The Game of the Book
are a medium that can easily be adapted from a book or comic series. Typically, to gain a mainstream audience a book is adapted into a movie
. A less common occurrence is when a book is adapted straight into a game. These were common in the late 1980s and early 1990s when graphical computer games were becoming popular.
- Tom Clancy is the Trope Codifier for this, with the Rainbow Six, Ghost Recon and Splinter Cell series. Tom Clancy examples go all the way back to the late-1980s sub sim based on Red Storm Rising.
- Telltale Games' Bone and Sam & Max: Freelance Police games.
- The Discworld books have had a few games based on them: a Text Adventure based on The Colour of Magic, two Rincewind-centric games that took elements from multiple books, and Discworld Noir, which had an original protagonist and storyline. (There still haven't been any big-screen films yet, just TV movies.)
- Infocom's adaptations of The Hitchhiker's Guide to the Galaxy and Shogun
- Two for The Great Gatsby (not entirely serious).
- I Have No Mouth and I Must Scream
- American McGee's Grimm and Alice games take liberties with the source material, but are essentially Grimmified adaptations of books rather than any of the films based on the original written material.
- A few comic-book games have adapted specific stories rather than general material or movie and TV versions of the characters or series:
- Hulk: Destruction got a Recursive Adaptation comics miniseries released simultaneously with the video game, creating an ambivalent example. Like the Ultimate Spider-Man example, it was supposed to be comic-book canon but didn't end up fitting properly.
- The Ur-Example comes from Tellarium Games in the early 1980s. They adapted several books into games with varying degrees of success from In-Name-Only (Swiss Family Robinson) to canonical sequels to the author's original work. The most famous of these was their canon sequel to the Green-Sky Trilogy, which got the greenlight from Zilpha Keatley Snyder provided they use the game to reverse a decision she regretted making in the final book. She actually drew the map of the tree city Orbora for the game, and her music-professor husband, Larry, wrote the music.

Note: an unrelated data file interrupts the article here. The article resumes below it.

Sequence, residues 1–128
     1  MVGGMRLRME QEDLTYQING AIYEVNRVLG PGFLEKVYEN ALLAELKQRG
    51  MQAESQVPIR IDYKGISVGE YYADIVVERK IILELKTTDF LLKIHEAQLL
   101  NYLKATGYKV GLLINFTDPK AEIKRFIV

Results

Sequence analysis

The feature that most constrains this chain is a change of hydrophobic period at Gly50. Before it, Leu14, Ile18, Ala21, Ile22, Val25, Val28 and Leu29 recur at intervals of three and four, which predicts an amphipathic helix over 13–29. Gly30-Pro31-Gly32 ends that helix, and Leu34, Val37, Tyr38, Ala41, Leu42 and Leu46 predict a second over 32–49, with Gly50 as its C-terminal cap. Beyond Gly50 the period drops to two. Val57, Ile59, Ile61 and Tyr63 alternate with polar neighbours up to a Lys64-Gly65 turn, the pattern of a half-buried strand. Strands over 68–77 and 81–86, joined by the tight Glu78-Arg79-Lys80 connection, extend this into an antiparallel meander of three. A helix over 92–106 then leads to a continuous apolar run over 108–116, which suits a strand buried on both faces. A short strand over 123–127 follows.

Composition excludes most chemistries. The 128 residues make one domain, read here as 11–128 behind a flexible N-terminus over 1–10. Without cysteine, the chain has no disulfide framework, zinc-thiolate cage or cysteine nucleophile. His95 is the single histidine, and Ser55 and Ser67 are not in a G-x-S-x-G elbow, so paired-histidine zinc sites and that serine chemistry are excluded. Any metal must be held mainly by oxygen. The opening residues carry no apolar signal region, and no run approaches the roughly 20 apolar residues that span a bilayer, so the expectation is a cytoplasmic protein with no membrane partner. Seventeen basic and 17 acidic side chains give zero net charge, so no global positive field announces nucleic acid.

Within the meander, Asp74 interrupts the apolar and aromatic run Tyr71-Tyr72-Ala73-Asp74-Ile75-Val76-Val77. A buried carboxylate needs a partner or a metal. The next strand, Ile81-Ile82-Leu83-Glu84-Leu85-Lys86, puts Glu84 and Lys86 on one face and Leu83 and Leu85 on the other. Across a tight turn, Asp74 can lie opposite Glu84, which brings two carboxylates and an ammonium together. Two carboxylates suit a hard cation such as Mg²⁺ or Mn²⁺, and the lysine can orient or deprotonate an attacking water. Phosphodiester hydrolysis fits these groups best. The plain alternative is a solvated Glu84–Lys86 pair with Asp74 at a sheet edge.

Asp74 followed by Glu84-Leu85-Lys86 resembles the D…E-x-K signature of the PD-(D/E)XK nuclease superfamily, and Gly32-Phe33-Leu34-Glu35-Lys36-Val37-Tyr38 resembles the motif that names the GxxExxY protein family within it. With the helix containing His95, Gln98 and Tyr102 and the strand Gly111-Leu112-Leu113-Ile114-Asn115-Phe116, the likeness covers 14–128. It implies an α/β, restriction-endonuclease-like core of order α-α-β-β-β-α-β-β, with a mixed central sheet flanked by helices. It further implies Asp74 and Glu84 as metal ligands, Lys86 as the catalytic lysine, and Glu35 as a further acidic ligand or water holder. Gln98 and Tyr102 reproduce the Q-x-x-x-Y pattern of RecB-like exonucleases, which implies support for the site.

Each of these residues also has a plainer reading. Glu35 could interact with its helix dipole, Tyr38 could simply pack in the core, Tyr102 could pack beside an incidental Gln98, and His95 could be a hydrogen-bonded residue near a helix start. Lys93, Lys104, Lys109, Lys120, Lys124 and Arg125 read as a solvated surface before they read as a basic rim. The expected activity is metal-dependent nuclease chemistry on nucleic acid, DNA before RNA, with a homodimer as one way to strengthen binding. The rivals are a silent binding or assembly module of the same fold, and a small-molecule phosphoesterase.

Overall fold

- Ray Bradbury also helped write a Fahrenheit 451 game for them that acts as a sequel to the book.
- In 2010, Dante's Inferno was produced as an action-adventure game. The weird part is that the tie-in novel... was the actual 700-year-old epic poem, just with branding and art from the game.
- The game Megami Tensei was born from a novel series, Digital Devil Story, that would become a large series containing plenty of spin-offs, such as Persona, and later games with the original name.
- The official website for the Inheritance Cycle has an Interactive Fiction game, Alagaesia Adventure Game. Considering that it's featured on the official site, it's probably at least a semi-official adaptation.
- Companions of Xanth, a 1993 adventure game based on one of the Xanth books. Fittingly enough, the book in question is about someone playing a computer game that allows the player to explore Xanth.
- One of Interplay Entertainment's early games was an Adventure Game based on Neuromancer.
- Callahan's Crosstime Saloon was also adapted (by Sierra) into an Adventure Game.
- Metro 2033 is based on a Russian novel of the same name.
- Earthbound 64, which later became MOTHER 3, had characters inspired by The Notebook
- Suikoden was based off The Water Margin.
- Parasite Eve was the sequel to a novel.
- Rendezvous with Rama was also adapted (by Sierra) into Rama. There was going to be a movie...
- The Ancient Art of War was based on Sun Tzu's The Art of War, a 2,500-year-old treatise on military strategy. Sun Tzu appears in-game as the most challenging opponent.
- Scott Pilgrim vs. The World: The Game is based on the comics rather than the movie, but the game and comic book were released in tandem.
- While the Harry Potter video games are mostly based on the films, they sometimes contain elements from the books which were not included in the movie versions.
- The Tick game was primarily based on the Animated Series, but also used several characters exclusive to the comics, such as the Running Man, the Red Scare and Clark Oppenheimer.
- A Game of Thrones: Genesis, based on the book but released alongside the TV series
- The Cat in the Hat had a game to go with the live-action movie version. While the movie is not considered to be all that good, some versions of the game are actually pretty good.
- The 1989 Infocom game Circuits Edge was based on George Alec Effinger's middle-eastern Cyber Punk novel, When Gravity Fails.
- Around the time The Lord of the Rings movies came out, The Fellowship of the Ring (book, not movie) was adapted into a so-so RPG.